February 21, 1989
This is in response to your letter of January 3, 1989, in which you inquire whether you should disqualify yourself in a case involving the violation of a town ordinance, when the matter concerning the issuance of the citation had been discussed previously at a town board meeting which you attended. The Advisory Committee on Judicial Ethics considered this matter at its meeting of January 12, 1989.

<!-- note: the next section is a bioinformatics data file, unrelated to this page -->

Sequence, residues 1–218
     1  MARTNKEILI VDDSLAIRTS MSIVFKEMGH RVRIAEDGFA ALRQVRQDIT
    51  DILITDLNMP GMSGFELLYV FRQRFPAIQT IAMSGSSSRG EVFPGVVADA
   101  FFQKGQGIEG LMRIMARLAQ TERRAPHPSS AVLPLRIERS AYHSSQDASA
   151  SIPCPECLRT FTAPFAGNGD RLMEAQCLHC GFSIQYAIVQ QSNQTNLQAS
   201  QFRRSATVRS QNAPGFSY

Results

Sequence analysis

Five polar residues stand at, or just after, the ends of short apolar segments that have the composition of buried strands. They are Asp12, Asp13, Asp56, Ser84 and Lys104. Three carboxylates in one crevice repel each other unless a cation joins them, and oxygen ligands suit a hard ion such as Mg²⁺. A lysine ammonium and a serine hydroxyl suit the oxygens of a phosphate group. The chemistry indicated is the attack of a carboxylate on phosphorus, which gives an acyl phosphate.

The Committee pointed out that section 100.3 ( c) of the Rules of the Chief Administrator, which governs the disqualification of judges, and states that “a judge should disqualify himself or herself in a proceeding in which his or her impartiality might reasonably be questioned, including, circumstances where (i) the judge has . . . personal knowledge of disputed evidentiary facts concerning the proceeding.” Assuming you have no personal knowledge of disputed evidentiary facts, the Rule contains no per se ethical prohibition against a town justice hearing this case under the circumstances set forth. However, you may wish to disqualify yourself according to your conscience or discretion. This Opinion does not address the propriety of town justices attending town board meetings.